by Natasha von Kaenel
If you have taken a tour at The Crucible lately, you have met Peter Moore. One of our enthusiastic volunteers and a great tour guide, Peter helps Crucible visitors learn more about this area and its place in Oakland’s history, and helps them figure out which Crucible department is calling to them.
Peter was one of the founders of the Roxie Theater in San Francisco, and worked at the Pacific Film Archive for a number of years before he started cooking professionally. He is currently retired and spends his time volunteering at a number of local organizations, including The Crucible.
What first brought you to The Crucible?
Five years ago, I came in because I had been a cook professionally and I always loved cooking and knives. I had an idea for a knife I wanted to make, specifically one with a curved blade to scoop out squash. So I took Blacksmithing I, Blacksmithing II, Forge Welding, Power Hammer I, and Bladesmithing.
Do you have a dream project that you are working on?
No. I am more on the practical side. I’m still interested in making knives.
So what’s the next knife you want to make?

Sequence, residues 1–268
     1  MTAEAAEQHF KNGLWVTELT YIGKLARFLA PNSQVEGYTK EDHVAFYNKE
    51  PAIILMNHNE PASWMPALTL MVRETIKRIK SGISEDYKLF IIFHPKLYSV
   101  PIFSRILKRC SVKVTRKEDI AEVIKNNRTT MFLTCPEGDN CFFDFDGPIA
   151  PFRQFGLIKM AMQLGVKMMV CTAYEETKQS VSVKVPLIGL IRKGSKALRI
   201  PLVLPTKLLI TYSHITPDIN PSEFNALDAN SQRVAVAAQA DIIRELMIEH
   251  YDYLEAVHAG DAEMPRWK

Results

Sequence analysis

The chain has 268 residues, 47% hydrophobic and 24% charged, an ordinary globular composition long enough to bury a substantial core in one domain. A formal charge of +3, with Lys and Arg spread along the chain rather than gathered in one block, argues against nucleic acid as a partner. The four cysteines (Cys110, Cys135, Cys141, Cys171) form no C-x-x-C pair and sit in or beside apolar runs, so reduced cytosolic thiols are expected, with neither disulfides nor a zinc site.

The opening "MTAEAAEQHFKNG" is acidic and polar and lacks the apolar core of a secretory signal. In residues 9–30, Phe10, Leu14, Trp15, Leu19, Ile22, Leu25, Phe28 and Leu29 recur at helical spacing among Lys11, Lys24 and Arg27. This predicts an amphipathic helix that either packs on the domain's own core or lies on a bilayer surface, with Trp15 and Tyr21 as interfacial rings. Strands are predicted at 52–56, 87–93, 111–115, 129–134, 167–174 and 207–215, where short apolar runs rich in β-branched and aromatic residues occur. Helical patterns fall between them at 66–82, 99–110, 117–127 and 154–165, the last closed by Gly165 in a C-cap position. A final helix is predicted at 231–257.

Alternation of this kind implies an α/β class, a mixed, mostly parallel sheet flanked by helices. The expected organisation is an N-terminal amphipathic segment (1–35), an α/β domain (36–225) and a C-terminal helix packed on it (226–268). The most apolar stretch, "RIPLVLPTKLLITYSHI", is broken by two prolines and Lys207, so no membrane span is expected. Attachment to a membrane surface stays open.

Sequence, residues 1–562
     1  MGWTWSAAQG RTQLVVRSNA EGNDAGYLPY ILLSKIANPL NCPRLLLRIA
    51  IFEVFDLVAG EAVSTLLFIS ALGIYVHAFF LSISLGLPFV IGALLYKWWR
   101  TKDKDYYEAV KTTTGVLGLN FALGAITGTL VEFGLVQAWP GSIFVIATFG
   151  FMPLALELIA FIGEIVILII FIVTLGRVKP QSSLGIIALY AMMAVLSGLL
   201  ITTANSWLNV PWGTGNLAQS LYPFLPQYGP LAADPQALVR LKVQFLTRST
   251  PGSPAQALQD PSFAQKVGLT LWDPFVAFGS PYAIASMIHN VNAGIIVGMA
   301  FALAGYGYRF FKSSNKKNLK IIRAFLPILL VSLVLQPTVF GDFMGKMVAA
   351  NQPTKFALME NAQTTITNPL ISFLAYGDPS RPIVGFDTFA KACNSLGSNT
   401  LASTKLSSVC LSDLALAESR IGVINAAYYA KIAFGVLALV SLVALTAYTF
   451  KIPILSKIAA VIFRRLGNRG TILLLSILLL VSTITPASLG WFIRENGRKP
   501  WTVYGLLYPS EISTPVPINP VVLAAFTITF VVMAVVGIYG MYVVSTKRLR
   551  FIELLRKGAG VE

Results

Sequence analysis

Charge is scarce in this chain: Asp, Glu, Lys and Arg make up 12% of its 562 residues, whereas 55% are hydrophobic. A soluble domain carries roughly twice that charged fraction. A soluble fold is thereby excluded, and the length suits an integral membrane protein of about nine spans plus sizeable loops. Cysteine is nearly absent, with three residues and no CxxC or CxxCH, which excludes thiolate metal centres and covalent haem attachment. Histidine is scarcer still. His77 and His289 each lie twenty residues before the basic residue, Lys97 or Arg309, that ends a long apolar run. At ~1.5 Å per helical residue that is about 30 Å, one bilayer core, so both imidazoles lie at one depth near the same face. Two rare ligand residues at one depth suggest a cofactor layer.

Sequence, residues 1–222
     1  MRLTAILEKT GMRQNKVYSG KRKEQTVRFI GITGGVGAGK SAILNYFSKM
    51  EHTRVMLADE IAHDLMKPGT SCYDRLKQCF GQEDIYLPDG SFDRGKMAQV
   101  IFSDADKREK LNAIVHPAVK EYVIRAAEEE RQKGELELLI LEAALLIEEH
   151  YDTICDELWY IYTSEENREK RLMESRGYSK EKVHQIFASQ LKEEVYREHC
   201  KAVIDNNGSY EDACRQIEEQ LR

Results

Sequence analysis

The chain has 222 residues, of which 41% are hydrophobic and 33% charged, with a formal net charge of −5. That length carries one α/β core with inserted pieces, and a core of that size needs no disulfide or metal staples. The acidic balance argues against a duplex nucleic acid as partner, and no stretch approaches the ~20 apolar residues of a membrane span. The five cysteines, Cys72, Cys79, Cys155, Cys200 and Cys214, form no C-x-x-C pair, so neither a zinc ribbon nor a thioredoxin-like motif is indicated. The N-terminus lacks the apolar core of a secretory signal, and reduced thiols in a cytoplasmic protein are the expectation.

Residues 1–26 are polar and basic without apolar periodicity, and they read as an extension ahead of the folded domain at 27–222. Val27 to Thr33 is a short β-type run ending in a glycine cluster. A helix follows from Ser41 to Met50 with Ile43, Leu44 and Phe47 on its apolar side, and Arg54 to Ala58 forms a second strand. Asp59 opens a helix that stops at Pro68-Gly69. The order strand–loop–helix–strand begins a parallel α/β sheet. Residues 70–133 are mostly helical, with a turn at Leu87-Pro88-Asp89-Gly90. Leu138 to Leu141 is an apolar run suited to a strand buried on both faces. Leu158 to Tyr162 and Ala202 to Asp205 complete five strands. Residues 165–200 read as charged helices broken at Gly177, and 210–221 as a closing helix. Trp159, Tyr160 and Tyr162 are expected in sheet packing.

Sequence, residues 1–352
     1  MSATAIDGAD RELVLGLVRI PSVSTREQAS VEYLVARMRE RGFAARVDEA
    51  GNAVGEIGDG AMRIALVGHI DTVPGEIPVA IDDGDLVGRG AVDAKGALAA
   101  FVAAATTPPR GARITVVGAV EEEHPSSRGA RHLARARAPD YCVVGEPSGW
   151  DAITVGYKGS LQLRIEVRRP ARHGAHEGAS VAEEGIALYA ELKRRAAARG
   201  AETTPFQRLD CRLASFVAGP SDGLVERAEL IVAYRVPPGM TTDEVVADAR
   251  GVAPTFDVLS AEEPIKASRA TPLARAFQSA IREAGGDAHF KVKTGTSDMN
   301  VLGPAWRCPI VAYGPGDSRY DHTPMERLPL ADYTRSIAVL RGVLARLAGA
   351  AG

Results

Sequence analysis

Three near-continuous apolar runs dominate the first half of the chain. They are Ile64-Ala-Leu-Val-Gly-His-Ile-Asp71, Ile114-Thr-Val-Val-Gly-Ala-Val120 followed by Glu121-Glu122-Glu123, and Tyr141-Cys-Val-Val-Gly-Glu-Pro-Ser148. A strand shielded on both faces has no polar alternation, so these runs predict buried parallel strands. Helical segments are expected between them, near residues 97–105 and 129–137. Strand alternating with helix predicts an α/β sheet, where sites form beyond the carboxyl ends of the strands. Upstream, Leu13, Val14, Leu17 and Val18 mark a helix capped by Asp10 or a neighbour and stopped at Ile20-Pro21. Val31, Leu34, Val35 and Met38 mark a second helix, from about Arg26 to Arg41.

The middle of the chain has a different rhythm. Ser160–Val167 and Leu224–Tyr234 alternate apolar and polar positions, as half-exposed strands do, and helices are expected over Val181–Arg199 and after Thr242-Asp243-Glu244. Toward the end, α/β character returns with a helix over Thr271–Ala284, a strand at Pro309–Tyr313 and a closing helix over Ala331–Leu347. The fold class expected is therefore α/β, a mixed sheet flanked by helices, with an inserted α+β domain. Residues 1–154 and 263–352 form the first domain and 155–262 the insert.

I made a couple of those squash knives and I made a really beautiful serrated bread knife. The next one I want to make is a nice thin knife for fileting and boning meat.
What is your favorite piece of history about The Crucible you tell people on the tour?
You see the Walt sign over there? That was from a jazz club in downtown Oakland at 12th and Franklin, where Hoagy Carmichael and Cab Calloway used to play. That is cool!
Yeah, that’s so interesting. What else do you talk about?
I try to talk about how 7th Street was originally one of the hearts of the African-American community before BART and the post office ripped it out. This was the entertainment area, filled with bars, restaurants, and nightclubs. The only thing left is the sign where it says ‘Esters Orbit Room.’ But it’s all gone now. It was a vibrant big community until ‘urban renewal’ and BART.
What is your favorite part about giving these tours?
Conveying to people my enthusiasm and passion for this place in a way that tries to get them excited. I’m always talking about volunteering and the things you can do.
How do you feel like The Crucible has impacted the community?
I’ve seen kids here go from students to regular staff or faculty. I was here when Adrian in Blacksmithing was just starting out. Now he’s very good both at teaching and blacksmithing – much better than me. That is inspiring to see.
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